Green House Blog

California Senate Committee approves a new nursing home licensing category that would allow Green House homes in the state

via CaliforniaHealthline.org 

“It puts the ‘home’ back into nursing home.”  That’s how California Senator Elaine Alquist (D-San Jose) described SB 1228 when addressing the Senate Committee on Health this week.

The bill would create a new health facility licensing category for a small house skilled nursing facility that is either a standalone home or consists of more than one home providing skilled nursing care in a noninstitutional setting.

David Pierce of Mt. San Antonio Gardens, a continuing care center in Pomona, explained that his organization has been pursing approval to build a Green House home for years.

Find out what needs to happen next for full approval in California and let us know what you think!

Conference in California Today, Changing the Physical Environment of Nursing Homes: Addressing State Regulatory Hurdles

Partnership is key to any innovation. Robert Wood Johnson Foundation’s CEO and President – Risa Lavizzo-Mourey recently expressed why Green House homes are crucial to California’s aging services in an opinion piece for The Sacramento Bee. Today, regulators, legislators, advocates, providers and other leaders in the field come together for a day-long conference by Chi Partners and The California Health Care Foundation to discuss the changing landscape of long term care in California.

Much has changed this year to encourage providers to implement upgrades to their physical environment, and culture change practices:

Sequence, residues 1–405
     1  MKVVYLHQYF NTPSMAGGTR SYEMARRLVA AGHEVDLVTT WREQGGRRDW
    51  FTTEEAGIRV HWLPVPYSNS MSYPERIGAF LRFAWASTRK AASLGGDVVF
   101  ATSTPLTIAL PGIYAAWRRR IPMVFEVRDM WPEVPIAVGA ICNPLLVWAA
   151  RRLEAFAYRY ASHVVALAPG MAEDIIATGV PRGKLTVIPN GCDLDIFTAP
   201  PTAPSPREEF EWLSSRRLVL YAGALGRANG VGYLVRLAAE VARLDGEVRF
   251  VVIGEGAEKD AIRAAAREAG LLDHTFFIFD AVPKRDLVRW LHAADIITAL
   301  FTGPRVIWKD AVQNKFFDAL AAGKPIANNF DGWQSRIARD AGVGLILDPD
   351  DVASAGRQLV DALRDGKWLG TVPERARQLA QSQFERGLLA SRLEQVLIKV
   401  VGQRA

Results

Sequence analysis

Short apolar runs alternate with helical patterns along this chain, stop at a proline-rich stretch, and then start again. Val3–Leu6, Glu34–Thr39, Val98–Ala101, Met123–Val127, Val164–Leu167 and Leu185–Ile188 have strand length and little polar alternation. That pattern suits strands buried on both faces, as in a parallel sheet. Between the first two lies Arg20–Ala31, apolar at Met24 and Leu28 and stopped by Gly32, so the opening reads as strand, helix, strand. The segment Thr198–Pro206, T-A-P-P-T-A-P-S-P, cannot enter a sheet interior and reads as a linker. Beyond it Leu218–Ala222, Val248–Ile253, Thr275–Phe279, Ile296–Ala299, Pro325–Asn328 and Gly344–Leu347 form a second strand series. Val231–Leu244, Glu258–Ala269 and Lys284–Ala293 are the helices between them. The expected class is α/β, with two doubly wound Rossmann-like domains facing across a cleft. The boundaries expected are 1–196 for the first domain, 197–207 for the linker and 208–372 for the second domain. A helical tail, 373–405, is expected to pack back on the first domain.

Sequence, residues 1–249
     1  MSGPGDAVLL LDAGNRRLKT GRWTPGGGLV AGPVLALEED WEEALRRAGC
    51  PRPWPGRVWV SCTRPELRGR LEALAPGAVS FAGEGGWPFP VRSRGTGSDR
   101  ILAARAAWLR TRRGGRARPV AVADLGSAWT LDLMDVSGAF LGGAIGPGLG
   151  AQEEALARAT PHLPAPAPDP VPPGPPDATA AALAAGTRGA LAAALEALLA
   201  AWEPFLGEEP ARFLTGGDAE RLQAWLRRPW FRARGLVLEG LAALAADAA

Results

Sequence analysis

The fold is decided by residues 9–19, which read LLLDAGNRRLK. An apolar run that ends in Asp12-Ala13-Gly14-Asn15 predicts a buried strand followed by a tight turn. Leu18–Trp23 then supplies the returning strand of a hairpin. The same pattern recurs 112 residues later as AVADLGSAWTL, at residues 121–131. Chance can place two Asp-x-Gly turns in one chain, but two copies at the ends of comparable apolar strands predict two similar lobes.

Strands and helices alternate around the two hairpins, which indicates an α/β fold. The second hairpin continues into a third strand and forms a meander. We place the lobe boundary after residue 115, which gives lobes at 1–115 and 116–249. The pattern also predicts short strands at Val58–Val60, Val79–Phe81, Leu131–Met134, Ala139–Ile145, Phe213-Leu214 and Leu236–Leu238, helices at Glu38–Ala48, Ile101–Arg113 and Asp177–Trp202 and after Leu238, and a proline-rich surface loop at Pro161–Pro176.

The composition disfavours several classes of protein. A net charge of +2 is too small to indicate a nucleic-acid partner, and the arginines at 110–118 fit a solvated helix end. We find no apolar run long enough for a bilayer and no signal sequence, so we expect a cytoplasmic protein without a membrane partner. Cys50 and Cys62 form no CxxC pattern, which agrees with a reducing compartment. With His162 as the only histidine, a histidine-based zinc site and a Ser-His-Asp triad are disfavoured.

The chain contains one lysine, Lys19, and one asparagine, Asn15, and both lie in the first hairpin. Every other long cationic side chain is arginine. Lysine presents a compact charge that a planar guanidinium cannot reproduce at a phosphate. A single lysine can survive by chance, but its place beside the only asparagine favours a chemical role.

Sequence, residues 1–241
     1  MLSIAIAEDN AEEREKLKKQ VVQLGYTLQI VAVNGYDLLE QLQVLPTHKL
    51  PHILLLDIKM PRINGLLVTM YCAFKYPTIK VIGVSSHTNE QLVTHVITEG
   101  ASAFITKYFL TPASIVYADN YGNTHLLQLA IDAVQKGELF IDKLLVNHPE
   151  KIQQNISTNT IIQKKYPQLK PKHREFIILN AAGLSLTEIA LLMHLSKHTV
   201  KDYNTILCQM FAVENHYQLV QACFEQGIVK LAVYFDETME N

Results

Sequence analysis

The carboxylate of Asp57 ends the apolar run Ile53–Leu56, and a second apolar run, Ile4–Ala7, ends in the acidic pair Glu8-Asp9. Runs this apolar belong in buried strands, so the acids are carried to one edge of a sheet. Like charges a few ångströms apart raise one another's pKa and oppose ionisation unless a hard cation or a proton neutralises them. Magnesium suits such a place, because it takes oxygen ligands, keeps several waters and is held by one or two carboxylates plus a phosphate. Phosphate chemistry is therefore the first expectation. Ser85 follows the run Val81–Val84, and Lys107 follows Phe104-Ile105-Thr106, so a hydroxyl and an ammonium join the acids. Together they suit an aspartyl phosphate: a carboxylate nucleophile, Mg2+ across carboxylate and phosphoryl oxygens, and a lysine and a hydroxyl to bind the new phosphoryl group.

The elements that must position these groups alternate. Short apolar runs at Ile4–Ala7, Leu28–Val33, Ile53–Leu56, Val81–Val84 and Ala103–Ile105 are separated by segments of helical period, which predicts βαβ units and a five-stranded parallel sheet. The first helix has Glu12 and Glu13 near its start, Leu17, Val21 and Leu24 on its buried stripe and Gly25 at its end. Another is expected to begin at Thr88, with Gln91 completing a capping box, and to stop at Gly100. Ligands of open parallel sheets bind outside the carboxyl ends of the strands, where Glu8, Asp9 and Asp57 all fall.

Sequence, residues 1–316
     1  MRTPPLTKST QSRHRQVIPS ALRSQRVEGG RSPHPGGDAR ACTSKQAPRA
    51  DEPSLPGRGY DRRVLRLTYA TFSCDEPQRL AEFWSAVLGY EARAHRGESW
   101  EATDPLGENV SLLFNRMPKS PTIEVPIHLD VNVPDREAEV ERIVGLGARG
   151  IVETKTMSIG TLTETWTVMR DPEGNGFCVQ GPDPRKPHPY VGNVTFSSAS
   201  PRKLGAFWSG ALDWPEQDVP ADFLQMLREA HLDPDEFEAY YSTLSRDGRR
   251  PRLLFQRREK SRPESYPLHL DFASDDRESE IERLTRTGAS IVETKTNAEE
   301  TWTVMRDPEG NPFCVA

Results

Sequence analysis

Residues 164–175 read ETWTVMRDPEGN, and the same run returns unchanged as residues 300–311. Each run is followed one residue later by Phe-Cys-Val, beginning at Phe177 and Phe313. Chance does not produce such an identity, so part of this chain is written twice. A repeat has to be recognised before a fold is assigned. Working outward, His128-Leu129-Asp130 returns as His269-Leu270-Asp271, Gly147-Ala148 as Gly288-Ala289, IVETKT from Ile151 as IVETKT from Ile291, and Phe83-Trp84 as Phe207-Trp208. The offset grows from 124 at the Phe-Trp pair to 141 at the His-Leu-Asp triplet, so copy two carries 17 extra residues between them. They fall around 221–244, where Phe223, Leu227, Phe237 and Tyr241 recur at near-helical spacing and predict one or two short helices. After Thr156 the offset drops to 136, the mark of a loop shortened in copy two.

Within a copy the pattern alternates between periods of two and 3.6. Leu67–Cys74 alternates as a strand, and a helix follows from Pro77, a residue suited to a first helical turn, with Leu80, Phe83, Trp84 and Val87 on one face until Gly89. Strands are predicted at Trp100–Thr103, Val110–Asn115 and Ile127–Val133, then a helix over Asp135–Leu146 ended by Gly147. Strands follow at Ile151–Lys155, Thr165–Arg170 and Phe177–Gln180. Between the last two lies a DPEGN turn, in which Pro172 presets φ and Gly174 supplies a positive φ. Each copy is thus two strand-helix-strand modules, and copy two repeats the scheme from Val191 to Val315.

• OSHPD’s new “Household” regulatory model for nursing homes allows providers to create a more home-like environment for their residents.
• Two small home (The Green House® Project) projects are working their way through the regulatory process, creating a blueprint for addressing key regulatory challenges to this type of model.
• Important Life Safety Code changes for nursing homes have been made by NFPA with the assistance of Pioneer Network that support the implementation of culture change.
• Some states (like Michigan and Arkansas) are successfully overcoming regulatory challenges and are now instituting legislation that supports providers in building new small home and culture-change models providing lessons learned for future changes to California’s regulations.

Leaders such as Pioneer Network CEO, Peter Reed, Director of Arkansas’ Office of Long-Term Care, Carol Shockley, The Green House Project, COO, Susan Frazier, join California regulators to discuss the value of partnering to change the physical environment of skilled nursing homes to support the quality of life and quality of care for the elders and staff in California.